Preparing for mass shootings is a small part of what school police officers do, but local experts say the preparation for officers assigned to schools in Texas — including mandatory active-duty gunman training — gives them as solid a foundation as any.
“The tactical, conceptual mindset is definitely there in Texas,” said Joe McKenna, assistant superintendent for the Comal School District in Texas and former assistant director of the State School Safety Center.
A gunman killed 19 students and two teachers at Robb Elementary School on Tuesday. When the students called 911, officers waited more than an hour to break through the classroom after following the gunman into the building. District Police Chief Pete Arredondo decided officers should wait to confront the shooter, believing he was barricaded in adjacent classrooms and children were no longer at risk, officials said Friday.
“It was the wrong decision,” Steven McCraw, the head of the Texas Department of Public Safety, said at a news conference on Friday.
A group of tactical Border Patrol agents would later engage in a shootout with the gunman, killing him, officials said. Arredondo could not be immediately reached for comment by the AP on Friday.
Police officers across the country who work in schools are tasked with keeping tabs on who is coming and going, working to build trust, making students feel comfortable, coming to them with problems, teaching anti-substance abuse programs and occasionally making arrests.
The Uvalde Consolidated Independent School District Police Department says on its website that its primary goal is to “maintain a safe environment for our future leaders to learn and our current leaders to educate, while building partnerships with students, teachers, parents and others of the.” community while enforcing laws and allaying fears.”
Active rifleman training was mandated by lawmakers in 2019 in response to school shootings. State law also requires school districts to have plans to respond to active shooters in their emergency response.
Security can get lax at times because school officials and officials may not believe there will ever be a shooting in their building, said Lynelle Sparks, a Hillsboro, Texas school police officer and executive director of the Texas Association of School Resource Officers.
“It’s always about you being prepared,” she said. “People relax. It happens in every district. It cannot be said that it is not so. It happens everywhere. We get to the point, ‘Oh my God. That’s awful. The school year goes by, “Oh why do I have to lock my door every day you know? I wish every teacher taught behind a locked door. That doesn’t make it a prison system. It’s about saving lives.” “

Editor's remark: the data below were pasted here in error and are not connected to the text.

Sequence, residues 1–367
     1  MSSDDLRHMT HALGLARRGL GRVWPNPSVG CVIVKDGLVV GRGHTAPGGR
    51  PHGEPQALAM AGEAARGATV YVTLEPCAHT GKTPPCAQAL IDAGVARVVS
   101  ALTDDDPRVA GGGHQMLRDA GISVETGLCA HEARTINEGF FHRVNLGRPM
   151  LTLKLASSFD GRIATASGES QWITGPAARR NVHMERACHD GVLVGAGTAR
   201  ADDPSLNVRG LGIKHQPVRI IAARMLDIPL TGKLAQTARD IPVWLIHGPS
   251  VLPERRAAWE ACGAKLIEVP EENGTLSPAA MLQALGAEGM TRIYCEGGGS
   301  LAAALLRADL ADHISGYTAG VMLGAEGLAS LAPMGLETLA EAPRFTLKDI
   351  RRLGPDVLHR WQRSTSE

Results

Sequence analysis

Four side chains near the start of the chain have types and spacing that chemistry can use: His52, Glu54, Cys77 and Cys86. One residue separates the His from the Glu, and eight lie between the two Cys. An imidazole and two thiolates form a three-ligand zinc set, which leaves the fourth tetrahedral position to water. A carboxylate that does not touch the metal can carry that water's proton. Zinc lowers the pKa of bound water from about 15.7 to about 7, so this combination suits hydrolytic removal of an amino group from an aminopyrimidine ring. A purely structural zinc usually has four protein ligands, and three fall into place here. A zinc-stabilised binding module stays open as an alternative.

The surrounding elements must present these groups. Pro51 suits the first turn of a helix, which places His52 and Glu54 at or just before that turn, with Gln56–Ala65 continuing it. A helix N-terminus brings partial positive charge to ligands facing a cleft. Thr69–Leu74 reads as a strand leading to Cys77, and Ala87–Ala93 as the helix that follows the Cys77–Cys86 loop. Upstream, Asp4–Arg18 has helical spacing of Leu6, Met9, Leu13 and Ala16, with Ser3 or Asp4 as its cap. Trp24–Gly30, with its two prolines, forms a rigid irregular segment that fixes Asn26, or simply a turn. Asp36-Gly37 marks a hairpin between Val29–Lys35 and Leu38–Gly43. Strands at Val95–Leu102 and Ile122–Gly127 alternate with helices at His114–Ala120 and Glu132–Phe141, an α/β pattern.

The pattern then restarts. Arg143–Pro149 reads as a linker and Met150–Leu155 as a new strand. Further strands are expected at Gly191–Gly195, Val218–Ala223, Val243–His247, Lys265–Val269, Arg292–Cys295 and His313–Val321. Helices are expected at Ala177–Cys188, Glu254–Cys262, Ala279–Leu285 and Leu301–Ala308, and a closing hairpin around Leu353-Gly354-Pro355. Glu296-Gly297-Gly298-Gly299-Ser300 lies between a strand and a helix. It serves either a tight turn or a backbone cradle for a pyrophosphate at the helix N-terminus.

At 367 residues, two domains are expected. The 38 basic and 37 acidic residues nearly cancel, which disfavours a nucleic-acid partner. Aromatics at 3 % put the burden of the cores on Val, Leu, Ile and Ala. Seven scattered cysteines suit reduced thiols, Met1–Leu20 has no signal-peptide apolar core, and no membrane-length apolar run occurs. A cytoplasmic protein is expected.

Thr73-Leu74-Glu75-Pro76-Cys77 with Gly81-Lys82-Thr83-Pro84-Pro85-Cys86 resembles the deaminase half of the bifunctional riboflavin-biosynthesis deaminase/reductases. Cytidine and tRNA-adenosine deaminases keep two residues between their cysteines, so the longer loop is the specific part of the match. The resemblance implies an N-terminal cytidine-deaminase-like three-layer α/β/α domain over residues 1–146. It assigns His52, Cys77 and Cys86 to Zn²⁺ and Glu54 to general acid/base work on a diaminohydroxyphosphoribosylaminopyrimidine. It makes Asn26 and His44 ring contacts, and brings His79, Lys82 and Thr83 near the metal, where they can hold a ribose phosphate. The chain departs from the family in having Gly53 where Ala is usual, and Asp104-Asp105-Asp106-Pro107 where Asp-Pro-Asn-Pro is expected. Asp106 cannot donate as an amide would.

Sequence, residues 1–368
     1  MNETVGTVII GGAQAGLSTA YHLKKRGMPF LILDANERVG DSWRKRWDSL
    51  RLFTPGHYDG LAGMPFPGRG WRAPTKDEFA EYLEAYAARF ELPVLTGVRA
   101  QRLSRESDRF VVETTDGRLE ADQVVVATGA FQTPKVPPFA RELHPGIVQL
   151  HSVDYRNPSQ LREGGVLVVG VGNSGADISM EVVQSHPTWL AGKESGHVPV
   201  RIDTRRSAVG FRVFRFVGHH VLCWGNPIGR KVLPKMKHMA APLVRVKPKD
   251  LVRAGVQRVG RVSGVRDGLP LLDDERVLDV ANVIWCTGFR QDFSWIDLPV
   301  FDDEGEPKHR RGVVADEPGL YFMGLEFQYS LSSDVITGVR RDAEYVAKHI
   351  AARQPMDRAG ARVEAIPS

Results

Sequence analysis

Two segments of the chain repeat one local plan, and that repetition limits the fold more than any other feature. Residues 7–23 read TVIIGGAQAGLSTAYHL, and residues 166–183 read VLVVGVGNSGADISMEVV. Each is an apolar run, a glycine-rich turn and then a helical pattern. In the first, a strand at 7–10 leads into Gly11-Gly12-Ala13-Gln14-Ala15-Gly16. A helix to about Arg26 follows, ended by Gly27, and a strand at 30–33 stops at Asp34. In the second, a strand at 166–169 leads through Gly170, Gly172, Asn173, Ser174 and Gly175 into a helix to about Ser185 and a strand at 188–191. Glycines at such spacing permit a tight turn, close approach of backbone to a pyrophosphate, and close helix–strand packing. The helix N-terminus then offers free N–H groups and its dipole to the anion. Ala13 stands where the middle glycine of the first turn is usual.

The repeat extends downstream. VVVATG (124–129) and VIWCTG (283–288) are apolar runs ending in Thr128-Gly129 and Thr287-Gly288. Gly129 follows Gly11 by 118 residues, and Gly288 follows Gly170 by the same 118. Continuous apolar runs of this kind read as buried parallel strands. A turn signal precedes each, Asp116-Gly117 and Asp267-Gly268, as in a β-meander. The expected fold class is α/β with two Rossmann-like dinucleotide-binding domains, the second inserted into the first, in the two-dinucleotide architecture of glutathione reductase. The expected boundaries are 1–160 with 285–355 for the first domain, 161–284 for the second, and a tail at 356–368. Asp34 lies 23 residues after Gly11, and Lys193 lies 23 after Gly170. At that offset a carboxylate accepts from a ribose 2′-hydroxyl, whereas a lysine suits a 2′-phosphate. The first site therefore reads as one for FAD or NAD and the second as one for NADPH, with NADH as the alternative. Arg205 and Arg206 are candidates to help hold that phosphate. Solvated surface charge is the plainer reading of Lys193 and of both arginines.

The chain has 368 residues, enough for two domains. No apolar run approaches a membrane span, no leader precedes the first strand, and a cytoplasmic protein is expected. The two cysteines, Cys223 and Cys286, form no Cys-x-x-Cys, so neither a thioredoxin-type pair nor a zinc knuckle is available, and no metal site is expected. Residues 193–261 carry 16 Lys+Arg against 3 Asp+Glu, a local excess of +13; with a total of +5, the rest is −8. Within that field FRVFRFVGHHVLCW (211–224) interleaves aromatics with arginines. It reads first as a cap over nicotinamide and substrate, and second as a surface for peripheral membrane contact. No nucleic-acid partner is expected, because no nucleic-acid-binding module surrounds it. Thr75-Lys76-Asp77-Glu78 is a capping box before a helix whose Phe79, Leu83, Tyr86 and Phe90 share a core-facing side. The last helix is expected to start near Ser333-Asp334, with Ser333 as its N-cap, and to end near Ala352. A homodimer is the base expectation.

Given the incident commando approach that was so widespread after September 11, 2001, it’s not surprising that the school’s police chief would continue to be considered the commander even after officers from other agencies had arrived, McKenna said. The nominee would be considered commander until relieved by a more senior officer, but that may not happen immediately if efforts to save lives continue, he said.
“Obviously it’s still an ongoing investigation, but it would make sense that a school district police chief would be the first incident commander,” McKenna said.
While many schools across the country house school resource officers who report to their municipal police departments, it is not uncommon for school districts, particularly in some southern states and major cities, to have their own police forces, such as Uvalde.
McKenna said his research on school police showed that training and other factors are more important than the agency that directs officers.
“It doesn’t matter if you’re in a school police force or an SRO, it’s more about the components of a good officer,” he said.
Copyright © 2022 by The Associated Press. All rights reserved.
https://abc13.com/uvalde-texas-school-shooting-robb-elementary-police/11902270/ Uvalde school shooting: The school’s police chief made a mistake in responding to the shooting